CRS Report on Gene-Edited Plants Includes Issues Facing Congress
On September 7, 2023, the Congressional Research Service (CRS) published a report entitled Gene-Edited Plants: Regulation and Issues for Congress. The report notes that the U.S. regulation and oversight of gene editing in plants is facilitated by the Coordinated Framework for Regulation of Biotechnology, which involves the U.S. Department of Agriculture (USDA), the U.S. Food and Drug Administration (FDA), and the U.S. Environmental Protection Agency (EPA). Established in 1986 by the White House Office of Science and Technology Policy (OSTP), the framework outlines how the agencies apply their existing statutory authority to evaluate and ensure that gene-edited products in the United States are safe. As reported in our September 13, 2022, blog item, on September 12, 2022, President Joseph Biden signed an Executive Order creating a National Biotechnology and Biomanufacturing Initiative that aims to improve regulatory clarity and efficiency, enhance coordination among federal agencies, and encourage international regulatory cooperation.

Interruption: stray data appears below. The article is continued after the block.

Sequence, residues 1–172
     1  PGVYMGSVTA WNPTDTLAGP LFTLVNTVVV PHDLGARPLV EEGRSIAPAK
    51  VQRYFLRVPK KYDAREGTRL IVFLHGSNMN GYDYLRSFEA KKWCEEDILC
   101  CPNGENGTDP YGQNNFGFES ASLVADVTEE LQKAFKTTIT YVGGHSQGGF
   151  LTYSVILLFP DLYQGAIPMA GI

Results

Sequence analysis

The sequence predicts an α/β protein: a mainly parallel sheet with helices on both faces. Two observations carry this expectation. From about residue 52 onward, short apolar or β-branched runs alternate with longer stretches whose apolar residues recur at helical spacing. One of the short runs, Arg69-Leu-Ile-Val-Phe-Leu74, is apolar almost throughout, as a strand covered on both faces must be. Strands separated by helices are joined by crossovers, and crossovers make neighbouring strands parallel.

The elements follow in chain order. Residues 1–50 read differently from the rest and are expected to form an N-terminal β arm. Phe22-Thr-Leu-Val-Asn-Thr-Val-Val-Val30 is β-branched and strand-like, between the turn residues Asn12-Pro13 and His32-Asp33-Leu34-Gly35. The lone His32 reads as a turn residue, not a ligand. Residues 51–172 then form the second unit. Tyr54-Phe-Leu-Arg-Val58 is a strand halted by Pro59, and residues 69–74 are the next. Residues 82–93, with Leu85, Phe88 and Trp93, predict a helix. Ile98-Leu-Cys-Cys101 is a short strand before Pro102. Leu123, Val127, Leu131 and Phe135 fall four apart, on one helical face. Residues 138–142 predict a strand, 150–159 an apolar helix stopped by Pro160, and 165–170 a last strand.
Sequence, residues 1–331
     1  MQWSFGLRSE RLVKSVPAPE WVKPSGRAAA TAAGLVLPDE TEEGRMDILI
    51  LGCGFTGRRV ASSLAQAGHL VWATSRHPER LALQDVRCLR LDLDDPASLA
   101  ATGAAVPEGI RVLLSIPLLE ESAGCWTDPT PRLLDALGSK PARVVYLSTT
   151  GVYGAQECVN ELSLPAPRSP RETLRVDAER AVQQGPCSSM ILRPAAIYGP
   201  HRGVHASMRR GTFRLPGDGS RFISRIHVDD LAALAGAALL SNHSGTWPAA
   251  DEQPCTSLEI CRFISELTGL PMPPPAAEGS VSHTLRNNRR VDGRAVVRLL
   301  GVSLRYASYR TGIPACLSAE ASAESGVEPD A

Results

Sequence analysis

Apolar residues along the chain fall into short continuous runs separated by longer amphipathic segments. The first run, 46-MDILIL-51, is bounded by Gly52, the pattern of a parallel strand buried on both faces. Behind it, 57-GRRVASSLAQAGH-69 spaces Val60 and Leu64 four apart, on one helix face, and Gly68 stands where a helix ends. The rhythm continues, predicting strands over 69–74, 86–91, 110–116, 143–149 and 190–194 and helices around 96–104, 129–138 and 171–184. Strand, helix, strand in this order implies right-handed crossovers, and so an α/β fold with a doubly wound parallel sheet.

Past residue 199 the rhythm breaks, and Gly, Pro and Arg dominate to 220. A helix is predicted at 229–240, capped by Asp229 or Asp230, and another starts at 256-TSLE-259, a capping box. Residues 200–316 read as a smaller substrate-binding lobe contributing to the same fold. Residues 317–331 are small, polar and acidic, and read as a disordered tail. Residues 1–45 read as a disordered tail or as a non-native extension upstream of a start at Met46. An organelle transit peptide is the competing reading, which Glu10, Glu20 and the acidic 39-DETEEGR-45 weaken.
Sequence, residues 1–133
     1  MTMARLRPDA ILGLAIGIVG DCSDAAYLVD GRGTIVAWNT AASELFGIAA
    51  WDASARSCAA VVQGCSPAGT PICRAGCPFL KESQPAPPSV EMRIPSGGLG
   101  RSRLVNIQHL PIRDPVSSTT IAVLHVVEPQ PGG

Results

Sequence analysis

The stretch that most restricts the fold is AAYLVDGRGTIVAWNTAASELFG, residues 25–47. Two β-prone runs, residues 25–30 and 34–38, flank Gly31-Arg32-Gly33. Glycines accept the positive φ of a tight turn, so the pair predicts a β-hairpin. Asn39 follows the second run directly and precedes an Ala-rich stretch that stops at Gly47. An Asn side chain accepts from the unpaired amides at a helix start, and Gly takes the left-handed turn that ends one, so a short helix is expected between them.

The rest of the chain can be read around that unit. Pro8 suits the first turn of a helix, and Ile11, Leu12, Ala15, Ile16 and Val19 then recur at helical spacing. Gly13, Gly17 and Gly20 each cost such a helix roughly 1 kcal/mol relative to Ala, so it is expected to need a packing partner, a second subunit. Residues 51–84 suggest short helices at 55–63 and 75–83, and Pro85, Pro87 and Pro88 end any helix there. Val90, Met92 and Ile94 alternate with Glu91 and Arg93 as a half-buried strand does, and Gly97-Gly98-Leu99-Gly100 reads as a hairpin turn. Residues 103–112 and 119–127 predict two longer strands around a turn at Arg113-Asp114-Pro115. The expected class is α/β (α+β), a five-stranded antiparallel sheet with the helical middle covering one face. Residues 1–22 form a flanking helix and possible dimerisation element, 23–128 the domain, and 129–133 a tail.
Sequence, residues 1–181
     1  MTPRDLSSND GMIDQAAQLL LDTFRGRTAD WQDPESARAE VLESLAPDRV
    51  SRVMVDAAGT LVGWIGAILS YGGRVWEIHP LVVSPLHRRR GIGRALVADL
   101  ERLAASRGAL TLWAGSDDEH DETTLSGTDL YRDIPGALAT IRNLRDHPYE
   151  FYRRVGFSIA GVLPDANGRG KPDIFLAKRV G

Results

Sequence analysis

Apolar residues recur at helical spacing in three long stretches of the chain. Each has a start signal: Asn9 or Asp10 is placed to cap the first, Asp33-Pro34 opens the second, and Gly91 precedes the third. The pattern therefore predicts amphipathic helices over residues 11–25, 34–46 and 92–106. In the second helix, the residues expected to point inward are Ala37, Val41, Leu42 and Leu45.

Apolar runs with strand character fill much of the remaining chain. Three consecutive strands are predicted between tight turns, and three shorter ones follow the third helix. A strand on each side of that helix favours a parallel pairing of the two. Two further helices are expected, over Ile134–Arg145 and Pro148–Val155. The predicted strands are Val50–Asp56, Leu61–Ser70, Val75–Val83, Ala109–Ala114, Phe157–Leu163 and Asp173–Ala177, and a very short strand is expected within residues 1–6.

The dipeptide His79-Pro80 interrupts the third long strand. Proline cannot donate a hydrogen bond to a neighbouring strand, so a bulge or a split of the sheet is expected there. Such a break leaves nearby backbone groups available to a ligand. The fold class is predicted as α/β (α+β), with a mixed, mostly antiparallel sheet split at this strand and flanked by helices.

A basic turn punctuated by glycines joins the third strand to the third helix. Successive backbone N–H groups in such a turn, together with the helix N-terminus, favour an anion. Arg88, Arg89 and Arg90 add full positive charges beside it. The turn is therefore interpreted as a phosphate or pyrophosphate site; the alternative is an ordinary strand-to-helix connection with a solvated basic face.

The report states that public policy issues concerning gene editing in agriculture that could require Congressional consideration are multifaceted. The report suggests that Congress may examine whether federal labeling standards such as the National Bioengineered Food Disclosure Standard (NBFDS) adequately address issues raised by gene-edited plants. The three agencies that oversee agricultural products produced with biotechnology — USDA, FDA, and EPA — have been directed to update the federal regulatory system for the products of biotechnology and to establish mechanisms for periodic updates of that system. According to the report, Congress may review whether the agencies are effectively coordinating with each other to align their regulations with the state of biotechnology developments and whether the updates fulfill their mandates to accelerate innovation in plant biotechnology and to safeguard human health and the environment. The report notes that possible future policy challenges regarding gene editing include managing different types of plants and other gene-edited products as they are released into the environment; legal issues; and the impact of gene-edited plants on ecosystems and biodiversity.